Other stuffs

Pulp Fiction

If you want something approaching the genuine article, a ‘Bad Mother Fucker’ wallet will still cost you upwards of 15 quid on Amazon. It has been 20 years since Pulp Fiction was first released, but owning one will still (I’m assuming this has always been the case) save you from a fine if you are pulled over by the police. I’m not sure I want to live in a world where it won’t.

It’s unlikely I’ll ever have to, of course. Pulp Fiction was a watershed moment for cinema and, perhaps just as significantly, an immortal contribution to pop-culture. Even if we have stopped exclaiming when our burgers are tasty, or claiming that the task at hand warrants shotguns, we all know what ourphilosophical stance on the sensuality of foot massage is, and that we never, ever, want to be in a situation where an adrenaline shot is required to kick-start our heart, or worse still, a situation where we may be required toadminister one.

However, Pulp Fiction should be celebrated for more than just its stylish aesthetic, tense drama and punchy dialogue. While Tarantino’s Reservoir Dogs enjoyed a profitable release, it was the staggering commercial success of Pulp Fiction that became his most salient contribution to the film industry during the ‘90s. It was pivotal in establishing the commercial viability of art film, and, besides being an important inductee into the annals of postmodern cinema history itself, paved the way for other like-minded independent films, prominent examples being The Usual Suspects and Boogie Nights. In fact, the influence Pulp Fiction has had on contemporary postmodern cinema over the past 20 years is tangible, informing tense dialogue-driven masterpieces such as Heat, through the devilishly clever crime-caper Kiss Kiss, Bang Bang, right up to present day with features like Seven Psychopaths, which at times feels like a (pale) pastiche of Tarantino’s style; all this without mentioning the critical and commercial success of Tarantino’s own follow-up projects. It is this contribution to cinema that led Roger Ebert to call Pulp Fiction ‘the most influential movie of the decade’, not to mention the episode of Community dedicated to it – proof of its pop-culture credentials, if they were ever in question.

After Pulp Fiction, Tarantino’s status was assured, but it also catapulted several stars into the limelight – Samuel L. Jackson, who had never had particularly prominent roles until this point, became an overnight sensation, and John Travolta, whose career had slid so far that playing a talking baby became his most regular gig, was reinstated as one of the coolest cats in the Hollywood gang. It was also a significant vehicle for Uma Thurman’s and Ving Rhames future careers; Mr and Mrs Wallace certainly leave an impression. What’s more, these were utterly deserved successes – I don’t think I’ve ever seen Jackson as good as when he’s Jules Winnfield, and part of me always wanted to believe that the point at which Jules Winnfield ended and Samuel L. Jackson began didn’t exist. I can’t be the only one. The chemistry between Thurman’s coked-up Mia Wallace and Travolta’s heroine-headed Vincent Vega is superb, and strips away all the pretense that could have made their Twist at Jack Rabbit Slim’s an excruciating scene and that’s largely down to their performances (though the music in that scene is arranged perfectly too). However, it’s when Jackson and Travolta are together that they’re at their best; for hit-men they make an incredibly disarming duo.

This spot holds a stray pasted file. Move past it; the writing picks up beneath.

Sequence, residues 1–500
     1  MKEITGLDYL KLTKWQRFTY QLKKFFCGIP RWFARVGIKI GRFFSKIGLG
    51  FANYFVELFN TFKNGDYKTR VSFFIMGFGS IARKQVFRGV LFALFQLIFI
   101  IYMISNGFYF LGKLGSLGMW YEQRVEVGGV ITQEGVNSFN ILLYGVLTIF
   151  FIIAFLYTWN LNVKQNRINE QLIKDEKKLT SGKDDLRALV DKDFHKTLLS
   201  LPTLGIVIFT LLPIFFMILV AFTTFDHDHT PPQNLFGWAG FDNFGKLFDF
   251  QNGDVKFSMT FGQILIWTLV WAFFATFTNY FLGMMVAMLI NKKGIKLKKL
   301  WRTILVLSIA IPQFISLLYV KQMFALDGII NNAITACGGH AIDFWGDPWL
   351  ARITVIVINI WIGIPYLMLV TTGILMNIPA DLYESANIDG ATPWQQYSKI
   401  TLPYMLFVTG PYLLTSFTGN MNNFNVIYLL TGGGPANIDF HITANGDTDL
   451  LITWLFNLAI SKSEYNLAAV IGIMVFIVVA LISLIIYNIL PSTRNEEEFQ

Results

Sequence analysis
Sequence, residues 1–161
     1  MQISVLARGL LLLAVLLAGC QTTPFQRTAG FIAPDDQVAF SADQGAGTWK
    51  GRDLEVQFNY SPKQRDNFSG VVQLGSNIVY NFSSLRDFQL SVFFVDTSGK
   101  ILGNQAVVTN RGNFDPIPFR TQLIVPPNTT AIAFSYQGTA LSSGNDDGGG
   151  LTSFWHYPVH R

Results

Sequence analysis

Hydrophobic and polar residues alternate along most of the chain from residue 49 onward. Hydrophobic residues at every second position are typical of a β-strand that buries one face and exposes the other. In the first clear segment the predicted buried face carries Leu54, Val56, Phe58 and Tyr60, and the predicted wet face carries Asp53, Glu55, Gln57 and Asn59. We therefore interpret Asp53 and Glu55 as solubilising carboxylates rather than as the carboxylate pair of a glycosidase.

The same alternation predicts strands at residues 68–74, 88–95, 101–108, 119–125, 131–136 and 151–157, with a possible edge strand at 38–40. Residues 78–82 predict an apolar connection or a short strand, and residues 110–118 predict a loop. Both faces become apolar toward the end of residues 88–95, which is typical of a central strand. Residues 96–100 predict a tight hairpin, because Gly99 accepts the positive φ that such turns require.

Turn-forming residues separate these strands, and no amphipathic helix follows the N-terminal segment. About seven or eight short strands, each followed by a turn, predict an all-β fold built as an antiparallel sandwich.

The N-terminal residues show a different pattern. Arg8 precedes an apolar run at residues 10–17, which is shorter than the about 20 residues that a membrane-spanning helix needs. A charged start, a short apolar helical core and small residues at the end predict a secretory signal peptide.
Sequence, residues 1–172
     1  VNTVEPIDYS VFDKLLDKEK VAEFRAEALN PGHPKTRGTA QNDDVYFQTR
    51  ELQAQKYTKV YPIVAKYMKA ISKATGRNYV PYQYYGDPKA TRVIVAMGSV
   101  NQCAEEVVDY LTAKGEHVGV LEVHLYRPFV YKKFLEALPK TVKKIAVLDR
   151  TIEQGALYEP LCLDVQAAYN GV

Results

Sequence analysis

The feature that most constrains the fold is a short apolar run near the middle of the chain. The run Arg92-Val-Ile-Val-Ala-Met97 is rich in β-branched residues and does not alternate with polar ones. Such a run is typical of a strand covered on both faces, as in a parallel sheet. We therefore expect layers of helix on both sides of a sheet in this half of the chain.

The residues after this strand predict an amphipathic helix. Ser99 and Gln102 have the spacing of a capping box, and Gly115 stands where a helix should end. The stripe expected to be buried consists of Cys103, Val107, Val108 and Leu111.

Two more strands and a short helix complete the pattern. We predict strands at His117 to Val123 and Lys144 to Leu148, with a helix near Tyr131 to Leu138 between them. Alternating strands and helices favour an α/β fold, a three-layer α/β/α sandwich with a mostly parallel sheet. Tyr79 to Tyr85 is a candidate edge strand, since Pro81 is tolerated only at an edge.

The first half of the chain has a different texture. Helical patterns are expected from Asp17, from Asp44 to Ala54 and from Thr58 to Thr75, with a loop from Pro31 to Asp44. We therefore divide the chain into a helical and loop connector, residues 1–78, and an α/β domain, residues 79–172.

Personally though, I just fucking love it all. Tarantino et al brought the world an astounding selection of anti-heroes (anti-heroes may even be too generous for some of them), whose virtues barely shine from under the grimy circumstances that surround them. There are elements to all of the characters that we recognise or understand, and yet they remain enigmatic without exception. From beginning to end Pulp Fiction flexes its meta-theatricality, from Jules’ assertion that it’s time to ‘get into character’ and Mia’s ‘don’t be a [square]’, to its layers upon layers of allusion and cinematic pastiche. I love the wonderfully played dramatic tension that courses throughout its intertwining threads: without Jules and Vincent’s carefree camaraderie as they drive across town, the scene where they collect the briefcase wouldn’t be nearly as taut; without the cocktail that is Mia and Vincent’s relationship, her accidental overdose wouldn’t be nearly as gripping.

As far as I’m concerned, Tarantino didn’t waste a single frame. For that, I’ll happily drink to Pulp Fiction’s 20th anniversary. I may even splash out on a $5 ‘shake.

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